Philanthropist across Africa and the globe are working together to help African nations secure urgently needed ventilators, breathing support devices and other medical equipment to fight Covid-19 pandemic.
Zimbabwean businessman, Mr Strive Masiyiwa, Executive Chairman & Founder of the Econet Group, who was recently appointed African Union Special Envoy to mobilize the private sector response to Covid-19, is leading a private partnership to start local manufacturing of Covid-19 equipment. He is working with fellow philanthropists such as Sir Richard Branson, British business magnate, and founder of the Virgin Group, and Canadian billionaire internet entrepreneur, Jeff Skoll. The group has identified two pieces of equipment which will be manufactured in South Africa.
In a media statement, the group said the initiative would start with the production of 1 000 bridge ventilators, a design that was provided to this partnership for free by Virgin Orbit and has recently received emergency use authorization by the US Food and Drug Administration (FDA). The model is designed with a price significantly lower than a normal ventilator.
The partners are also in discussions with Virgin Galactic and The Spaceship Company regarding the oxygen helmet prototype produced in partnership with NASA Armstrong Flight Research Centre in Edwards, California, and the Aerospace Valley Task Force in California, pending a grant of emergency use authorization by the US FDA. Oxygen helmets help open up the alveoli in the lungs and delay or prevent Acute Respiratory Distress Syndrome (ARDS).
The philanthropists have come together to secure initial orders, ensuring that the devices can quickly reach healthcare professionals across the continent to save lives. This will be the first of many innovations that will be locally manufactured in Africa to serve the needs of over 1,2 billion people facing the onslaught of this pandemic.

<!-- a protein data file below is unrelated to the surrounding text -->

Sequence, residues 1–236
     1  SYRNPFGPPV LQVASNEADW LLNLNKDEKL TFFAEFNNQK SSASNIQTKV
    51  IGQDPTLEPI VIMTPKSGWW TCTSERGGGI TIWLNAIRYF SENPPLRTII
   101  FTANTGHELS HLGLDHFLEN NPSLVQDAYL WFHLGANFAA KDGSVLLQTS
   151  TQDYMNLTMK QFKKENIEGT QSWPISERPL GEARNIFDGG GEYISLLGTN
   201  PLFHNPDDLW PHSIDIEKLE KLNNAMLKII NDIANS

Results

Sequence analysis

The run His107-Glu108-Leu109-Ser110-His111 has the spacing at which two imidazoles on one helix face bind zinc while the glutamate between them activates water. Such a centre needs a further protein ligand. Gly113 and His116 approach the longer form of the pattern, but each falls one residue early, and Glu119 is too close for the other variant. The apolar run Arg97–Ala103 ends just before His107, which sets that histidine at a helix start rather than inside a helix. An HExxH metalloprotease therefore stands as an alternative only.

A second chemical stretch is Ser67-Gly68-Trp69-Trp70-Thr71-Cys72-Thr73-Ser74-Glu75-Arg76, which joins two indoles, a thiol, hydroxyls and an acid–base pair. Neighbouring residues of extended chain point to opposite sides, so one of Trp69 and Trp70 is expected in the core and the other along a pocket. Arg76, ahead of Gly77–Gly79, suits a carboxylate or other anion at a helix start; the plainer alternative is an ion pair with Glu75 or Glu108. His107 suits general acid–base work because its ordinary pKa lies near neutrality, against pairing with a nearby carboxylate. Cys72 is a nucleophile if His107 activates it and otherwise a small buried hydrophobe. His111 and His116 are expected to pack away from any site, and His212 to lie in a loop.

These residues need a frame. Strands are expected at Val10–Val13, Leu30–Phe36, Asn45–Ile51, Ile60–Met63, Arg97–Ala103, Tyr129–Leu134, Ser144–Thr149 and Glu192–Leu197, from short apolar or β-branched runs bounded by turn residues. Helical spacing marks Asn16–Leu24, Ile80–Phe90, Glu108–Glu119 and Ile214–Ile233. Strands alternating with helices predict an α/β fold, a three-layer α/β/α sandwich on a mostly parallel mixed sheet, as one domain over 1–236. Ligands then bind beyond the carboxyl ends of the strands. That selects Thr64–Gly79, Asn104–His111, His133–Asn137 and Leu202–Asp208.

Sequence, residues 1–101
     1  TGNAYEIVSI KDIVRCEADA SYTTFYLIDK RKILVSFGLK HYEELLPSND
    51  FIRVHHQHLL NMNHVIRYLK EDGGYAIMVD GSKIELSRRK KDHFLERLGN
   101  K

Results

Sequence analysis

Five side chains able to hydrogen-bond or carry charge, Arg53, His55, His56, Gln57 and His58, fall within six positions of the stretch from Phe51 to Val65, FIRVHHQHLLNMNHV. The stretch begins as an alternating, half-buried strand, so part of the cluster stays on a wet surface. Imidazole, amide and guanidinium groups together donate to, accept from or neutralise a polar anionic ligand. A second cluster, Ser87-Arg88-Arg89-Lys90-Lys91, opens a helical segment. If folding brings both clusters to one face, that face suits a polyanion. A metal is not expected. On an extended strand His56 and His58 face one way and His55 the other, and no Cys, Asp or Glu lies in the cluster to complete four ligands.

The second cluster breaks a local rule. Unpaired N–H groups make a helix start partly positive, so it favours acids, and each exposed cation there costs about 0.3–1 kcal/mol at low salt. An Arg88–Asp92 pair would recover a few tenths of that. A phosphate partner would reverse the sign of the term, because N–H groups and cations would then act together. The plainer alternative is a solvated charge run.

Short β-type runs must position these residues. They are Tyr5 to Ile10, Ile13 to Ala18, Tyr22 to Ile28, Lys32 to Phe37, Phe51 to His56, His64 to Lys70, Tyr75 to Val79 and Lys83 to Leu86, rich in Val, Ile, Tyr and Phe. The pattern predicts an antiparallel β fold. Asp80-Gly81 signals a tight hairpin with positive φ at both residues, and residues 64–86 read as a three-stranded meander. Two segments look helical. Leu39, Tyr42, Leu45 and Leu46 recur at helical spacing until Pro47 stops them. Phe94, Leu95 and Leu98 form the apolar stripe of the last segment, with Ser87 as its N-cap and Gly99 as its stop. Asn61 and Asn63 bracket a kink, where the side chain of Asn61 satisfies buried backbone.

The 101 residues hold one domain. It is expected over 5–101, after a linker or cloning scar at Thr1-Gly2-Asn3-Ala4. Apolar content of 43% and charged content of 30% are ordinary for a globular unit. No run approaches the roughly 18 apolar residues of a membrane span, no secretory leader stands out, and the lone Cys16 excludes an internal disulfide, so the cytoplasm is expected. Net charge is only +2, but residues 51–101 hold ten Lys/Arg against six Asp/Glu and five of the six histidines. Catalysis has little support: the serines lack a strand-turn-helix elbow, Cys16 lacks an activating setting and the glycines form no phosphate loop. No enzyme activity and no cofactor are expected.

Mr Masiyiwa has also mobilized a team to build an online platform to manage global procurement of medical equipment, including PPE. To be launched in partnership with the Africa Centre for Disease Control and Prevention before the end of this month, it will play a critical role in supply management, with Invicta, one of many manufacturers that have agreed to sell medical equipment through the platform. Branson, whose companies developed the ventilator and oxygen helmets as part of their philanthropic efforts to support the global Covid-19 response, has a deep and long relationship with Africa.
“We’ve been honoured to work in partnership with Strive, Jeff and the team at Invicta to get much-needed bridge ventilators and oxygen helmets to countries across Africa,” Mr Branson said.
“I’m so proud of the teams at Virgin Orbit and Virgin Galactic who immediately pivoted their engineering expertise to create low-cost, innovative solutions to save lives. Our foundation, Virgin Unite, will continue to support this partnership and work with its other partners, like Last Mile Health who are mobilizing thousands of community health workers, to do what we can to help flatten the curve in Africa.”
The California-based Skoll Foundation, founded by Jeff Skoll, has also committed to expanding its giving to $200m to fight Covid-19 and its impacts. Skoll’s first Covid-19 grants were directed to the African continent in early February to assist with pandemic preparedness and response.